A six-year-old boy narrowly avoided losing his arm after he got trapped in an industrial MEAT MINCER – for FOUR hours.
George L’Estrange slipped and had his right arm dragged between the whirling razor-sharp blades of the machine while making sausages at his home.
Two fire crews rushed to the scene of the horror accident in Donnington, Lincs., on March 3.
After unsuccessfully trying all the tools at their disposal – including an electric saw, a pedal cutter, and specialist cutting equipment – firemen were forced to turn to a local businessman Danny Roberts.
Tradesman Danny, 27, rushed to his nearby shop and returned with two specialist angle grinders.
Firemen then attempted to cut through the metal – just inches from George’s skin – while sparks flew close to flammable oxygen being given to the brave youngster.
After a gruelling four-and-a half hour battle involving fire-fighters, surgeons, paramedics, nurses and even an anaesthetist – George was finally freed and transferred to Pilgrim Hospital.
Medics there feared he would lose his hand and forearm but after a three-hour operation the youngster escaped missing just part of his middle finger.
George has since undergone nine gruelling operations to complete skin grafts and reattach severed tendons.
And this week the courageous schoolboy returned to classes.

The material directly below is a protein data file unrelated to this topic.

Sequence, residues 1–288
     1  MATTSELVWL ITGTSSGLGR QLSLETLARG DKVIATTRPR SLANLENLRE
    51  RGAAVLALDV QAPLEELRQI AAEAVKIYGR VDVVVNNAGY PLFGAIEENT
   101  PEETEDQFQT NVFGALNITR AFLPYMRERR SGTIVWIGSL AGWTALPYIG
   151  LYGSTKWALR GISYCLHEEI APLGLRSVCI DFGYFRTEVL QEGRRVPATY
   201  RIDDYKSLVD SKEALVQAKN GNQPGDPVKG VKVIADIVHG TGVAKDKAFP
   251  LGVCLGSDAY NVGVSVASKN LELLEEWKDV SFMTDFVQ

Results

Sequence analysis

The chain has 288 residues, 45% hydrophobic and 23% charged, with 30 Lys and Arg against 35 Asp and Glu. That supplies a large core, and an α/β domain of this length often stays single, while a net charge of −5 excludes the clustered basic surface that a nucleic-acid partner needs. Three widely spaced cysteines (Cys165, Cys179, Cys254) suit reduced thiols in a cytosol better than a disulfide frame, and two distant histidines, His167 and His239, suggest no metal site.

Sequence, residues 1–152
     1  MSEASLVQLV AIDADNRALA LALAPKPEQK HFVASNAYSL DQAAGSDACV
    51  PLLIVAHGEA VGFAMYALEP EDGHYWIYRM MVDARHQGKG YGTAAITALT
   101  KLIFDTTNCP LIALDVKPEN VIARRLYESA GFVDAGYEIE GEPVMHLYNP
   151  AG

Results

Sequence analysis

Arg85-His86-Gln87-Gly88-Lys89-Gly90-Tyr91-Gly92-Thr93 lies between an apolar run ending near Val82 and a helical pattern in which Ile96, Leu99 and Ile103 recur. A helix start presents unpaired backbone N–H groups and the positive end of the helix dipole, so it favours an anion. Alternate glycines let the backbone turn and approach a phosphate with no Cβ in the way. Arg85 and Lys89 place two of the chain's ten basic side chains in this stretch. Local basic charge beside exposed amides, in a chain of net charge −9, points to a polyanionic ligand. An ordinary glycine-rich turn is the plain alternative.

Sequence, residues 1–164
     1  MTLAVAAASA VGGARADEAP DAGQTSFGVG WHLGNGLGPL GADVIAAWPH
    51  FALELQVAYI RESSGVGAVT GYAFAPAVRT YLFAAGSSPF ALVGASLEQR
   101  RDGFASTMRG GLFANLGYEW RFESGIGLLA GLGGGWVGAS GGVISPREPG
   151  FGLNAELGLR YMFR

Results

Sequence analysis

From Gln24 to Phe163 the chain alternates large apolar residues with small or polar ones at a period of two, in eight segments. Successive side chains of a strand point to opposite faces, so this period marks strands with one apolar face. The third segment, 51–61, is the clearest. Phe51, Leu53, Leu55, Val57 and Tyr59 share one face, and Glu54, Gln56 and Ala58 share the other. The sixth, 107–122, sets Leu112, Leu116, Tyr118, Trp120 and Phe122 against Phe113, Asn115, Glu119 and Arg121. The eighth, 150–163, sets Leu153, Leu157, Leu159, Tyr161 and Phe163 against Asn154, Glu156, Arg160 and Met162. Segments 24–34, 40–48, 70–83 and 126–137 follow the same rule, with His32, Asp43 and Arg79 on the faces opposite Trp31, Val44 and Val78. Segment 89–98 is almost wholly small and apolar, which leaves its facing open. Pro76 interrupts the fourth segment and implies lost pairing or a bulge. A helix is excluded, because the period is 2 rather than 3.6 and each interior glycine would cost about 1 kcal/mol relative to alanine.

Relieved dad Henry, 44, an IT worker, said yesterday (Wed): “Everything happened so quickly. I’m a keen cook, and have made sausages with my sons on a number of occasions.
‘George had been using the machine safely for some time, but in the blink of an eye he pushed his hand in and got it stuck.
“I called 999 and the man on the end of the phone gave me advice on making George as comfortable as possible, while waiting for the ambulance and fire service.”
Technical CFP manager at Lincolnshire Fire and Rescue, Keiron Davey added: “George was so brave.
“Despite having obviously painful injuries, he remained completely calm throughout the process.
“He only cried when he was given an anaesthetic injection.
“This rescue was an excellent example of fire-fighters utilising all their skills and knowledge to the absolute supreme degree – thinking outside the box, adapting and improvising.
“There were some professionally calculated high risks taken at times and this resulted in an excellent outcome.
“At one time I counted 15 people around George’s hospital bed.
“Everyone played a crucial part – from nurses filling syringes with saline, to assisting in reducing sparks and dust whilst cooling the metal.
“The surgical team, the anaesthetist, the paramedic – the list goes on.
“It was truly good, professional teamwork.”